Whenever Dasgupta and his team present at conferences, they upload all their materials to the CDR. Each slide includes a QR code so attendees can find the presentations to reference later if they miss something during the live talks.

Dasgupta also uses the CDR to store white papers, analyses that are too short to become journal articles, and computer code that allows other researchers to reproduce his lab’s work.

“The CDR also helps bring closure,” he says. “So many times we work on open-ended projects, but once we make something public on CDR, it helps draw that chapter of work to a close.”

Pairing words and images at Wilson Library’s Special Collections

Jo Klevdal in Wilson Library

Jo Klevdal in the Special Collections Reading Room at Wilson Library. (photo by Alyssa LaFaro)

A picture’s worth 1,000 words — and Jordan Klevdal agrees. So much that the English and comparative literature PhD student is studying the history of using images alongside printed words.

“I’m thinking about how readers from the 20th century got used to seeing images in the context of what they’re reading,” she says. “Are they learning to read images? What is the actual interaction between the text and the image?”

While some of Klevdal’s work on this topic looks at simpler word-image pairings like captions with photographs, she’s especially fascinated by illustrated poems, where it’s unclear whether the words explain the drawings or the drawings represent the text.

More specifically, she’s studying the poetry of Frank O’Hara, a mid-20th-century writer, critic, and curator at the Museum of Modern Art who often collaborated with artists for his own work. Wilson Library houses a wealth of his rare edition books. One of them, called “Biotherm,” combines Ohara’s poetry with obscure drawings from American artist Jim Dine.

At Wilson, Klevdal worked with librarian Jason Tomberlin to narrow her scope and determine which works of O’Hara’s she was most interested in. This was key to the research process for Klevdal and what helped her discover materials she didn’t even know existed.

“Librarians have a wealth of knowledge and bring up things totally not on your radar,” she shares. “When you use search engines or finding aids, you find an answer and you’re done. Librarians not only help you find what you’re looking for, but materials associated with that topic.”

Boosting research equity at Health Sciences Library

Carrie Baldwin-SoRelle and Fei Yu in Health Sciences Library

Carrie Baldwin-SoRelle and Fei Yu in the Health Sciences Library. (photo by Alyssa LaFaro)

Health science librarians Carrie Baldwin-SoRelle and Fei Yu are collaborating with researchers at the UNC Gillings School of Global Public Health for a project with The Lancet. In 2023, the medical journal announced a new commission focused on improving how life-saving and -enhancing research is deployed globally, especially in low- and middle-income countries.

“This project makes sure that changes in health, medicine, and policy are effectively serving populations in a fair and equitable way, based on the best possible information we have,” Baldwin-SoRelle says.

“This is really about improving health equity across the world,” Yu adds.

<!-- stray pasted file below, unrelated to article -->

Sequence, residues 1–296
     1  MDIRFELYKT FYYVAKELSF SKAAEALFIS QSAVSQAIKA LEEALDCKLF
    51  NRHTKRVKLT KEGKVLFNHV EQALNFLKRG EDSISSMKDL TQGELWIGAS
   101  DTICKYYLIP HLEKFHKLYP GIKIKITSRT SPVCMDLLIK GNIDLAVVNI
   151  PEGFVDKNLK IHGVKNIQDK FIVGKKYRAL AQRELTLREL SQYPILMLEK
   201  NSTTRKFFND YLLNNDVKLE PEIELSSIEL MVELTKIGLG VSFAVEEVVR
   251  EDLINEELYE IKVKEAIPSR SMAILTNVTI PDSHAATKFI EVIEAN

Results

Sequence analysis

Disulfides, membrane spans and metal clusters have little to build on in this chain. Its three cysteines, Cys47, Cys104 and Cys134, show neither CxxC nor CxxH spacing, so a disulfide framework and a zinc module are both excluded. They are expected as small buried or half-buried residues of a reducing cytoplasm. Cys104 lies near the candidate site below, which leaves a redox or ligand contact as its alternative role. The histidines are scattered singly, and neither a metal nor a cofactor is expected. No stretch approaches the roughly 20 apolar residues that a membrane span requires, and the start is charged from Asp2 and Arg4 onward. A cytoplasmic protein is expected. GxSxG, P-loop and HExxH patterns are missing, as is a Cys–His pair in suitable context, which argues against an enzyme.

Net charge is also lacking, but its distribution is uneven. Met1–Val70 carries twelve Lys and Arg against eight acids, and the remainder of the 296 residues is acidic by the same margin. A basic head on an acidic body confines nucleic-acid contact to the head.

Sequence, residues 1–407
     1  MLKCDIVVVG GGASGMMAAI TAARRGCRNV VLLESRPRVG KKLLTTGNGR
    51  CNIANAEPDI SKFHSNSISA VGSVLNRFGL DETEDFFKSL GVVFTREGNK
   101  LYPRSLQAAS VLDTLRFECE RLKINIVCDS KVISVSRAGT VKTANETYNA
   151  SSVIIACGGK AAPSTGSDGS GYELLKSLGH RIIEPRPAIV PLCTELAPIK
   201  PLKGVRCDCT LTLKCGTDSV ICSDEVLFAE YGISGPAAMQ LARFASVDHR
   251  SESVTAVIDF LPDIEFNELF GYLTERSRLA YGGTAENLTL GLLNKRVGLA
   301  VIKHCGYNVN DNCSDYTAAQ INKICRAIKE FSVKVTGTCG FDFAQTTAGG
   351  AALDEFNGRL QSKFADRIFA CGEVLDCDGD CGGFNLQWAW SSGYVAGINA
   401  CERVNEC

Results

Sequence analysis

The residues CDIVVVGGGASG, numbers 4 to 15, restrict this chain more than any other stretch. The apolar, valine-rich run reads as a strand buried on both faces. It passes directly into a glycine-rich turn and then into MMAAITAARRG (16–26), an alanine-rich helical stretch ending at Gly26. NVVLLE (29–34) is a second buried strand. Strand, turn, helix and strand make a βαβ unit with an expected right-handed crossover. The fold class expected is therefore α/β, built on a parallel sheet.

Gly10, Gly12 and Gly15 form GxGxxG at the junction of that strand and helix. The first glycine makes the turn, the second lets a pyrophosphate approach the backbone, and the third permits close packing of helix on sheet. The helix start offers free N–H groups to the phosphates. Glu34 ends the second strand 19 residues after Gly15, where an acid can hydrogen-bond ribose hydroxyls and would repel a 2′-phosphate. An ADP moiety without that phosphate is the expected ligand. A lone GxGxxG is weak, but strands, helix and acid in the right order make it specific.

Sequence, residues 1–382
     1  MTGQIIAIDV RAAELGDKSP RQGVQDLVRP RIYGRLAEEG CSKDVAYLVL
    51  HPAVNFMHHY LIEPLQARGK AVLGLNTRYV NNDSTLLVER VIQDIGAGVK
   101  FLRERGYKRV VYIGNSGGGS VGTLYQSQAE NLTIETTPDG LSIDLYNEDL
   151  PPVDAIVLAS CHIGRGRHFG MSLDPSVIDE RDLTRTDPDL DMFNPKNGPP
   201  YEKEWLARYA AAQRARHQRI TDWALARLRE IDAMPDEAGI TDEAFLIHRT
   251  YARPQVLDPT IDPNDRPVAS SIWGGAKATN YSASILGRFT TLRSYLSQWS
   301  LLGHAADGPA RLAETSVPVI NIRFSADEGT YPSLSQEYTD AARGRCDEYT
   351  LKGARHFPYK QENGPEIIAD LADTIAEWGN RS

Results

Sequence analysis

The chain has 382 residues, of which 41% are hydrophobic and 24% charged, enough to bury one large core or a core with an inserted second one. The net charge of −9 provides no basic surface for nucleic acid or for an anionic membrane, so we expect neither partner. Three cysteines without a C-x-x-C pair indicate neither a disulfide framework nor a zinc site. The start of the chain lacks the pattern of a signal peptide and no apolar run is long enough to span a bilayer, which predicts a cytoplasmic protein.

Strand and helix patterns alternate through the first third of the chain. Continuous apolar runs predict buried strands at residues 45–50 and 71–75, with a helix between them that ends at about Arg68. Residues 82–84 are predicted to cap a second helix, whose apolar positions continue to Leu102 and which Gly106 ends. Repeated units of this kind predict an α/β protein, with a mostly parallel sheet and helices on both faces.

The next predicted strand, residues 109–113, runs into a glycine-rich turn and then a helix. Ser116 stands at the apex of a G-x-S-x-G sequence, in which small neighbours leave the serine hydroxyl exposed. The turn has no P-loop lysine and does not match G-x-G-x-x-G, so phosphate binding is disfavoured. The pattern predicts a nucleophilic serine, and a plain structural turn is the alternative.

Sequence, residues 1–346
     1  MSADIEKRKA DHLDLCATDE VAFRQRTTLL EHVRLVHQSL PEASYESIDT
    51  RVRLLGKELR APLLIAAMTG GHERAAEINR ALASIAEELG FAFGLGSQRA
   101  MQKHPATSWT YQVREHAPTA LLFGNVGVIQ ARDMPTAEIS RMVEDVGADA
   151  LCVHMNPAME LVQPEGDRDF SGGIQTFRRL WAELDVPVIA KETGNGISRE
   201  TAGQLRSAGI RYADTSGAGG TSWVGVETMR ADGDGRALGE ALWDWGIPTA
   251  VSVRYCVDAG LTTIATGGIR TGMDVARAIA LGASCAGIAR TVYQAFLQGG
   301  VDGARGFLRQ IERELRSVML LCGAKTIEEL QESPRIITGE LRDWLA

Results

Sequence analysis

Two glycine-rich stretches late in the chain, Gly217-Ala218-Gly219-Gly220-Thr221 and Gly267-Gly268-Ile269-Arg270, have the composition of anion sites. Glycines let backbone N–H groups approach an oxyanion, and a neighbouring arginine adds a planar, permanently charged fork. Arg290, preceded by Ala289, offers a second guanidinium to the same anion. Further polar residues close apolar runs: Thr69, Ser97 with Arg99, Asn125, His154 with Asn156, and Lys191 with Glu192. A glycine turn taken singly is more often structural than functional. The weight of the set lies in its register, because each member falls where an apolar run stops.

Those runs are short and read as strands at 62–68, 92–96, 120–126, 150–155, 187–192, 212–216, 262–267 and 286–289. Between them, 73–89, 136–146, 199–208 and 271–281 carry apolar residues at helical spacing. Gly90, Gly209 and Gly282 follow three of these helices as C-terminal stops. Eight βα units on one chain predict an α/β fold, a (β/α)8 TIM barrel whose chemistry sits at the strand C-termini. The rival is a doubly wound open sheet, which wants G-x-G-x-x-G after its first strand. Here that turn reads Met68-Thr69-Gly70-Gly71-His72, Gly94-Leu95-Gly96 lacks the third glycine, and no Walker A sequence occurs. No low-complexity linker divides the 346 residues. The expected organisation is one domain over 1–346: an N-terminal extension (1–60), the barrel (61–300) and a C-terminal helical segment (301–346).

Herbert Peterson, a maternal and child health professor in Gillings, is chairing the commission, and Yu and Baldwin-SoRelle are providing research support for the project. After meeting with commission administrators to uncover their needs, the librarians develop strategies to find journal articles and other research materials that best answer their questions.

For example, if a commission member requests all papers produced in the field of implementation science in the last 10 years, Baldwin-SoRelle would create a detailed search within a database like PubMed to find them. She’s often thinking about audience and accessibility as many of the countries this project serves lack resources.

“We ask a lot of questions,” Baldwin-SoRelle stresses. “Will this research be publicly accessible to anyone anywhere in the world with an internet connection and not locked behind paywalls? Are we searching appropriate databases to find representative literature from across the world? PubMed is a useful tool for a lot of U.S.-based researchers, but how well does that capture literature published by researchers in Nigeria, Indonesia, and Peru?”

Yu focuses more on bibliometrics, a statistical analysis of the publications themselves, to uncover information like where the studies they’re collecting took place and who funded them.

“The commission is grappling with an insurmountable quantity of information — and we want to contextualize it to help them make decisions,” Baldwin-SoRelle says.

“We are indispensable partners,” Yu adds. “Librarians are researchers’ best friends.”

Creating courses at Knapp Library

Kirk Boone in Knapp Library

Kirk Boone on the second floor of the School of Government’s Knapp Library. (photo by Alyssa LaFaro)

North Carolina law requires county assessors to reappraise property at least once every eight years — even though it’s considered best practice to do it more frequently, according to UNC School of Government (SOG) researcher Kirk Boone, who says failing to reappraise regularly can create a lot of inequities for property owners.